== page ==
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I receive many questions from blackjack players. Below are a few of them with tips on how to tip a dealer, what to do if a dealer makes a mistake and what you should do if a casino oversteps the legal rights of a player.

Q: Should you tip a blackjack dealer? If so, how much?


A: There is no rule that says you must tip a blackjack dealer, just as there are no rules that say you must tip a waiter or taxi driver. However, let’s be realistic… we all know that many hardworking folks who work in the service industry have a low base salary and that they depend upon tips to make ends meet. When I go to a restaurant, whether I tip my server and how much depends upon the service I get. Ditto for blackjack dealers.


Unfortunately, I’ve run into some surly blackjack dealers over my 35-year playing career. You know the type… gruff, disagreeable, irritable, grumpy, unhelpful, never smiling and making you feel uncomfortable when you play. My tip for them is nada. If a dealer is extremely obnoxious (I’ve actually had one call me an asshole for not leaving a tip), I will the pit boss. On the other hand, if a dealer has been friendly, courteous and helpful, I will leave a tip. How much? Because I play with an advantage, I know how much my theoretical hourly profit is and I usually tip no more than 25 percentage of this. (I also wait until the count is in my favor before making a bet for the dealer.) If you are a basic strategy player and you want to tip a friendly dealer, my recommendation is to tip a few dollars if you are a $5 or $10 bettor, and tip $5 if you are a $25 bettor. (See next question.)


Q: Does it make a difference how you tip the dealer? I am asking because sometimes I see players make a tip for the dealer on their hand while others just leave some chips for the dealer after they are done playing.


A: I think it’s important that you let the dealer know early in your session that if she is friendly and helpful that you will be tipping her. Therefore, if she’s friendly from the get go, I’d make a bet for her on your hand (now she knows that if she continues the behavior you expect, she will probably be rewarded with more tips). However, I don’t recommend that you place the chips you want to bet for the dealer on the outside of your betting spot (most players do this). Instead, you should place the chips you want to bet for the dealer on top of your chips and inside the betting circle. The reason is if you place the chips outside of the betting circle, you have no control over them. If the hand wins, the dealer will keep the chips you bet for her plus the corresponding winning chips. If you place the chips on top of your chips inside the betting circle, you still own them, meaning the dealer only gets to keep the winning chips or whatever you choose to give to her. Usually, I let the chips that I bet for the dealer ride on the next hand. If I win a few hands in a row, it gives the perception that IĆ¢??m a big tipper. In addition, by placing the chips you bet for the dealer on top of your wagered-chips, the additional amount will count toward your rating.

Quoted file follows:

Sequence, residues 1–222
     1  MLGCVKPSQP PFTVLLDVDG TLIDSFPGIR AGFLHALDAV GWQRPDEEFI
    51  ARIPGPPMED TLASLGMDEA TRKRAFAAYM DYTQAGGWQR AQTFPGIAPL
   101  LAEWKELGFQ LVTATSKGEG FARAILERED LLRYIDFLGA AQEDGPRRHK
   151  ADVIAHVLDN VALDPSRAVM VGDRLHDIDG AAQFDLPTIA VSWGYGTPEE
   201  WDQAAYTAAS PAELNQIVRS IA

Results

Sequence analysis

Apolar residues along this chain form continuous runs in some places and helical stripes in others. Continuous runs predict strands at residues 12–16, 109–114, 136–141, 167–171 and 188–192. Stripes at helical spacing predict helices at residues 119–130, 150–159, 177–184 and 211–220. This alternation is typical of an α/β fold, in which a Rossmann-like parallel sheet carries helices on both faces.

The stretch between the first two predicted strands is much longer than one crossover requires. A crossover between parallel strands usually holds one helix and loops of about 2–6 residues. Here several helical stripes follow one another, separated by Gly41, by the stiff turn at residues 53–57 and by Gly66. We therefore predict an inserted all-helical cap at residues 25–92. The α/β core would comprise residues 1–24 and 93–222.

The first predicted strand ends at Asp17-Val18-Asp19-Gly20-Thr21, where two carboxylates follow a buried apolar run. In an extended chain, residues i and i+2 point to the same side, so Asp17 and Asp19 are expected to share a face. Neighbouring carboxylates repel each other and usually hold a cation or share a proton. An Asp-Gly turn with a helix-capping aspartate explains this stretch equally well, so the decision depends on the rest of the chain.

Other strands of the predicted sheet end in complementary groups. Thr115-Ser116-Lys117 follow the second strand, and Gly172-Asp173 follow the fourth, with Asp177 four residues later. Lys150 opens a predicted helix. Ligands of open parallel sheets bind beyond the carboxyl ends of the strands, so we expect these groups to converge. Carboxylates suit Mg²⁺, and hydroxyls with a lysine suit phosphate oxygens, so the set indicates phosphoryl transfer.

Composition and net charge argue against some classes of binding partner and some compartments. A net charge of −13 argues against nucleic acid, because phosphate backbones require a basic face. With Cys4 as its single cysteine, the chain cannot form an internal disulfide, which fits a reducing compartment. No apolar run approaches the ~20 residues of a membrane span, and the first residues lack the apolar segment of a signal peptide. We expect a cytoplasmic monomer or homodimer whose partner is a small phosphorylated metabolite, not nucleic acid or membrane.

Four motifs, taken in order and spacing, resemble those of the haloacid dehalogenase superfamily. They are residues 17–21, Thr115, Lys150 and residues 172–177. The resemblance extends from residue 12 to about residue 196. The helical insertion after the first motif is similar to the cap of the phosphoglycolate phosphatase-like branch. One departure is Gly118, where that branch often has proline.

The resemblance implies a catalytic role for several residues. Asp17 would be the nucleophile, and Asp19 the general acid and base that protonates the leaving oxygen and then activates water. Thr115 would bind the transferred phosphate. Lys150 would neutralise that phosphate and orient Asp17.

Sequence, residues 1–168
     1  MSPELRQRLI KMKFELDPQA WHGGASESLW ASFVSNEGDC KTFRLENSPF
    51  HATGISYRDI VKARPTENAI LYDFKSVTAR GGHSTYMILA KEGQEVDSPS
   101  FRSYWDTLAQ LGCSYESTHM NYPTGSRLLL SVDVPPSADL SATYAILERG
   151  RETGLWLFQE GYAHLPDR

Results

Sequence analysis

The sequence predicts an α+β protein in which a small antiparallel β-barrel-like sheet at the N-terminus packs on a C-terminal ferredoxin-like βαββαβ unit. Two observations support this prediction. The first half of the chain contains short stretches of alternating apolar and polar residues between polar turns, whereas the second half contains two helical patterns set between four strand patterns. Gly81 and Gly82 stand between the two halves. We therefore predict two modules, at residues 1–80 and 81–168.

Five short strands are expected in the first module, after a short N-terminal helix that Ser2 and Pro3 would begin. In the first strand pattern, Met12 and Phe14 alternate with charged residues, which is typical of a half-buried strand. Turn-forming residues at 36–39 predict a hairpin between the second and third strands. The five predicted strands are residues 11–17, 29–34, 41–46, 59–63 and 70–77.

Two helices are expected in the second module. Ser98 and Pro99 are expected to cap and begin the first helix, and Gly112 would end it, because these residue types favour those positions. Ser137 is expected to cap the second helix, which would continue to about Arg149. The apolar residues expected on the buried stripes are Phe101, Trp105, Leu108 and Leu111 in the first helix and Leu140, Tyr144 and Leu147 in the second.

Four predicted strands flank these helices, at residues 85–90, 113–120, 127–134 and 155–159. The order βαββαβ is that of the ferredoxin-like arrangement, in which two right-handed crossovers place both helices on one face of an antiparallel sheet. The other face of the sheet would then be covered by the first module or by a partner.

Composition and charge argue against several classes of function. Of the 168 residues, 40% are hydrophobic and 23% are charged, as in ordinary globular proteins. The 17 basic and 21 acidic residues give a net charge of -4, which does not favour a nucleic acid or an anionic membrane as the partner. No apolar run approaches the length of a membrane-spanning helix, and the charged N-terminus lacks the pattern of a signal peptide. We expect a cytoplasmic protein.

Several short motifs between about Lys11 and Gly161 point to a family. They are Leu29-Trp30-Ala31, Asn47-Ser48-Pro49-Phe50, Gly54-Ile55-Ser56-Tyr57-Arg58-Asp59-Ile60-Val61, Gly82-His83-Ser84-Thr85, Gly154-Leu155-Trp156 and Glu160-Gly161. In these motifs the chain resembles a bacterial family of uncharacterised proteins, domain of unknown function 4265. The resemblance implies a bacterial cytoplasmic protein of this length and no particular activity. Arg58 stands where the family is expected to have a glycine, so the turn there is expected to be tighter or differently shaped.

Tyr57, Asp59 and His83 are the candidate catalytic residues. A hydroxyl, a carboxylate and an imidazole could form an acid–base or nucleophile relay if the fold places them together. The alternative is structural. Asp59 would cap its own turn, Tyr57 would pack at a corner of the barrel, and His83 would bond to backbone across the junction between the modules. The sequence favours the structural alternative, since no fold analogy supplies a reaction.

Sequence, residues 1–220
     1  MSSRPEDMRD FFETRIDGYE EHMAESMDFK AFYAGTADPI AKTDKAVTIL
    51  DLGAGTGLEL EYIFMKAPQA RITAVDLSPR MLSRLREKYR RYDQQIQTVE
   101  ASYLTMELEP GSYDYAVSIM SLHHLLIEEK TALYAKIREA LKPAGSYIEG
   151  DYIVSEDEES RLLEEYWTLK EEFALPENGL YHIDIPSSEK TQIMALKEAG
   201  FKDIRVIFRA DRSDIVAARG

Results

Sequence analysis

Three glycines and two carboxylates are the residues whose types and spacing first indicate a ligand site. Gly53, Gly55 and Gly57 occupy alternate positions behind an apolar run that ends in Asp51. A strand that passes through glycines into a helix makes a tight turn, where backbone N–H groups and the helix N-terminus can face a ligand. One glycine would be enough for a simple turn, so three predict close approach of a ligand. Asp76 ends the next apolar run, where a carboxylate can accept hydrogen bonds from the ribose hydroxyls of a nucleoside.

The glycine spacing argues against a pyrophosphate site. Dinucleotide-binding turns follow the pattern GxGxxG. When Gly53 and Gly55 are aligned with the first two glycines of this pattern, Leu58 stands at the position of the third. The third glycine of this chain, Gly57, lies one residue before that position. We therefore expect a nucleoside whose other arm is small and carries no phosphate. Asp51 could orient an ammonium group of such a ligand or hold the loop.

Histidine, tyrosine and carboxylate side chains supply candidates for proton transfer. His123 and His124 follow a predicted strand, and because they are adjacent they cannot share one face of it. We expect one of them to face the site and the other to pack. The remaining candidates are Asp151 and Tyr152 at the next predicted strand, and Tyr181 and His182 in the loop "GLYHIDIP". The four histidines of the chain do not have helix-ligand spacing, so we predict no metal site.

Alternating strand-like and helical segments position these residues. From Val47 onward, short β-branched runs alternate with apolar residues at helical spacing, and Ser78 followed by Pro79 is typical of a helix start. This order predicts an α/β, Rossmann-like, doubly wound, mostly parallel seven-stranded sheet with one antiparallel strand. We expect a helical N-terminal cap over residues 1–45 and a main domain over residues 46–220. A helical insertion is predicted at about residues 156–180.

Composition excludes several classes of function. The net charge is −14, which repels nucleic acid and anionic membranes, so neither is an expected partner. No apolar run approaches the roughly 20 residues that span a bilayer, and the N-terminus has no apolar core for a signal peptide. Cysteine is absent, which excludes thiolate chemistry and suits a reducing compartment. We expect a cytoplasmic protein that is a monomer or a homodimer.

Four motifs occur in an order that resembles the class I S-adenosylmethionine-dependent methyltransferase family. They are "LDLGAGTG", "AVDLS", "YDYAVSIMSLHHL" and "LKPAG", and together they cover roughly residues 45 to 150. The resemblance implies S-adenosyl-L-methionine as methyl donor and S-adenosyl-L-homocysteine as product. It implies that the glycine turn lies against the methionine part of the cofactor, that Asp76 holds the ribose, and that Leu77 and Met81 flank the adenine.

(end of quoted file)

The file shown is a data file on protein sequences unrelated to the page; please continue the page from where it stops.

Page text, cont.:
Q: The dealer made a dealing mistake, which caused me to lose. Her supervisor wouldn’t correct the mistake. I felt cheated and I’ll never play at that casino again.


A: Normally, if a dealer makes an error in dealing the cards or in a payoff, she is supposed to bring it to the attention of her supervisor. The floor supervisor has the responsibility to correct the mistake. In most cases, the supervisor will give the benefit to the players because he wants to maintain them as customers. However, if you believe that the supervisor hasn’t corrected the mistake to your satisfaction, you should tell the supervisor that you would like to speak to the pit (or shift) boss. I would plead your case at this level, including asking the pit or shift supervisors to review the tapes of the table so they can see the mistake made by the dealer.



by Henry Tamburin


Henry Tamburin is a blackjack and video poker expert. He is the host of the website and the editor of the Blackjack Insider newsletter (for a free threemonth subscription, visit For a free copy of his Casino Gambling Catalog, which contains books, strategy cards, and software for casino players, call toll free 1-888-353-3234, or visit the web store at